This is the first of two posts in the aftermath of the Las Vegas shooting. You can also read the second post on teaching about appropriate and fallacious arguments and the Second Amendment.
In the wake of another all-too-common American tragedy, we, along with our students and children, search for answers. This is meant to be a guide on speaking to children who are not directly affected by the loss. As for speaking to siblings, spouses, parents, or children who directly lost a loved one…I really have no good answers. My mother is a certified grief therapist, I’ve read the literature, and I have dealt with students who lost a parent violently, but I still don’t think there are good answers. They’ll be angry, sad, confused, and so much more. Allow them to feel it and grieve in whatever way they need and just be there with open arms. Be constantly available and consistently caring and know the stages of grief don’t ever include in “getting over it” or “being okay” but only acceptance of what has happened. There is no being “over it” especially after so violent a loss. Hopefully, for adults trying to have the still difficult conversations about loss with all other children, I can provide some help or, at least, guide you to some good questions to be asking.
Let’s begin with the premise that I have always been against hiding important ideas from children because they’re not ready for it. That doesn’t mean I’m sitting down a toddler to watch Schindler’s List or having an intricately detailed discussion of sex with my 7-year-old son. I do, however, believe in answering children’s questions openly and honestly in an age-appropriate manner. Teaching in New York City this may take the form of frank discussions and activities as we remember September 11th or discussing personal health and puberty issues with older students (you’d be surprised at the lack of knowledge and fallacious ideas even ‘experienced city kids’ have). The first time I recall having one of these serious discussions about a tragedy was with my oldest son after the Sandy Hook Elementary School shooting (an event that some idiots, like with the current tragedy, now deny even happened or claim it was an unsuccessful government gun-grabbing effort).
My son was in kindergarten at the time and I wavered on whether I should say anything as I was welling with sorrow and confusion myself. I’m a teacher. What choices would I make in that situation? Should I prepare my son for a similar experience or would we now do something to prevent this in the future? Was it right to burden him? Should I let him continue to dwell in blissful unknowing? Kids are more perceptive though than we often give them credit for, and my son was aware. We sat for a moment with the tv off after he had come in and seen me watching the news. I started with the simple easy-to-understand premise that a lot of young students and teachers were killed by a man that day. It’s very sad and scary, and I don’t know a lot about it but I would answer any questions he had.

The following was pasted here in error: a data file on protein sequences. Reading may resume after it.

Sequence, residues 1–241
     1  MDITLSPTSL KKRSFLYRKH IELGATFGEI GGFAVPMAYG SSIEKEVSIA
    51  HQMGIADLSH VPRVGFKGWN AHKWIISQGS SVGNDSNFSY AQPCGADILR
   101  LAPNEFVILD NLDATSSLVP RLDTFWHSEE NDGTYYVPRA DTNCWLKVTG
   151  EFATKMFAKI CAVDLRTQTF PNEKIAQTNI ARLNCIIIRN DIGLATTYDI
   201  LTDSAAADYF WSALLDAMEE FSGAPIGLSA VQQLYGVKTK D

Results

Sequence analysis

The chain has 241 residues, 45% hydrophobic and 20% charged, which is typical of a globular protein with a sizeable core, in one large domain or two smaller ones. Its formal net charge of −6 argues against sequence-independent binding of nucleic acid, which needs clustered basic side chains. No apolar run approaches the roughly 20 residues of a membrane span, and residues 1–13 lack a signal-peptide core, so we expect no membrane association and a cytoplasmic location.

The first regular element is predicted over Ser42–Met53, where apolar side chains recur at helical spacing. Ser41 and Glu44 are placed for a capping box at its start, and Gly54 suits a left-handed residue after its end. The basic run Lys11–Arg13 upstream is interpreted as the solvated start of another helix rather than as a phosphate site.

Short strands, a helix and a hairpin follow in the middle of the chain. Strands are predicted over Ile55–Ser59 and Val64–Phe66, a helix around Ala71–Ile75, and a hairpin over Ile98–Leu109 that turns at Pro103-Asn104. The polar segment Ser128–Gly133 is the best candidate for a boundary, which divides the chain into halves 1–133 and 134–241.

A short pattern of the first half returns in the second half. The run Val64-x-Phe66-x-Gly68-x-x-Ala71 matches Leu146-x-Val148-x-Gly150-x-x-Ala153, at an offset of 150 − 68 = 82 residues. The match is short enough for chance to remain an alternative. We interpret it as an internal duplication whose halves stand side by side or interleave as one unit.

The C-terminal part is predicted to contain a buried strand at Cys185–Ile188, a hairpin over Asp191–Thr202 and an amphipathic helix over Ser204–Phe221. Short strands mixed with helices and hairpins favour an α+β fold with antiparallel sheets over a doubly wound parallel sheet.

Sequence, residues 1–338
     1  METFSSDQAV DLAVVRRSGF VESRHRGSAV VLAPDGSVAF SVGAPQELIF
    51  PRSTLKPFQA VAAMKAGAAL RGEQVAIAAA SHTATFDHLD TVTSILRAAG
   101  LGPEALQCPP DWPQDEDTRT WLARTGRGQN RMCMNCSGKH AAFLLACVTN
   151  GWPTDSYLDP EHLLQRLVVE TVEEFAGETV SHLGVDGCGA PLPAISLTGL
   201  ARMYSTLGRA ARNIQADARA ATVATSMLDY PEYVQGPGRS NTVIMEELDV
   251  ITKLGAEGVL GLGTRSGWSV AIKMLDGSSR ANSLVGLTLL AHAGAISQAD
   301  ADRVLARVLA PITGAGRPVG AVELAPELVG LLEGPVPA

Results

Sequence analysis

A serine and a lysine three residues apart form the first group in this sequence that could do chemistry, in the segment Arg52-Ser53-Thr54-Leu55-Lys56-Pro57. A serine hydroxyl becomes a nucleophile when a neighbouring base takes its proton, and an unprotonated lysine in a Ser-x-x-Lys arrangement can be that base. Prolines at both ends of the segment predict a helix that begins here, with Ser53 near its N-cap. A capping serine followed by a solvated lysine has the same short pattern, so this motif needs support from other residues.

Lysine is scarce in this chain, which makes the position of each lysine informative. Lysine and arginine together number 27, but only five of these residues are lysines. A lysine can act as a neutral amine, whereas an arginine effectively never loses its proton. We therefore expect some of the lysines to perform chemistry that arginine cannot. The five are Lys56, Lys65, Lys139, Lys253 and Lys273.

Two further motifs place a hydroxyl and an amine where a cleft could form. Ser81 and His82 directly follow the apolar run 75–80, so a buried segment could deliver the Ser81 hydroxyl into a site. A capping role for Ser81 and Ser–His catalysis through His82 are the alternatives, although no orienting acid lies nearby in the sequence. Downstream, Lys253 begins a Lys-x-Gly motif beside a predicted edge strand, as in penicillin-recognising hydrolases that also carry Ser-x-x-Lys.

These 6 keys to talking to children about tragedies are:
- Be honest and open. They’ll know if you’re hiding something and then you’ll just have to deal with trust issues.
- Keep it simple. Don’t over complicate with larger political or philosophical discussions even for older students/children who are capable of a greater understanding. You can address those later but start simply with the loss.
- Don’t be graphic with details. We sometimes stare at the screen looking for detailed answers to the whys. Kids don’t need all of that, and I could argue neither do we. Are there good answers as to the why? They’re never completely satisfying. Knowing the types of weapons, victims, or building layout won’t alter a child’s feelings, so don’t get into it unless they ask and then keep it simple.
- Let them ask questions. They may wonder about a number of things. You don’t have to have all the answers. It can be good for them to see you unsure and questioning. Make them sure of the things they need to be. Let them know you’re you’re there, available, and caring for them.
- Don’t shy away from the uncomfortable. Be ready for difficult questions and remain open in the face of them.
- Allow yourself to feel and let your child see it. Yes, you do need to try to be strong and remain a functional adult, but that doesn’t mean you can’t mourn and cry and express your frustration. Just make sure they know that your feelings of care for them remain in the midst of all others.
So first my son asked me why. At the time I said I wasn’t entirely sure, but that it seemed the man was angry about life and depressed and wanted to die. Maybe he was so angry at the world though that he wanted to strike out and hurt it the way he felt it had hurt him. So he caused the most pain he could by killing the most innocent and hopeful before he killed himself. I naively said, maybe we can learn about why and how so we can stop this from happening again. I wasn’t yet fully aware how rusted-shut the heart of our government was.
Gladly he didn’t ask me if he should be worried because it would have probably broken me. I told him he didn’t need to worry about his school even though I probably was despite it being statistically rare (though not nearly rare enough for any parent who has suffered loss). My students at the time were mostly non-verbal students with disabilities who couldn’t comprehend the experience, so a discussion wasn’t required then. Since then though I have had a number of conversations about the tragic and joyous events of the world with students and my son. It doesn’t necessarily get easier, but over time you learn the words better. I wish that learning wasn’t necessary.
The death of a beloved is an amputation.
—C. S. Lewis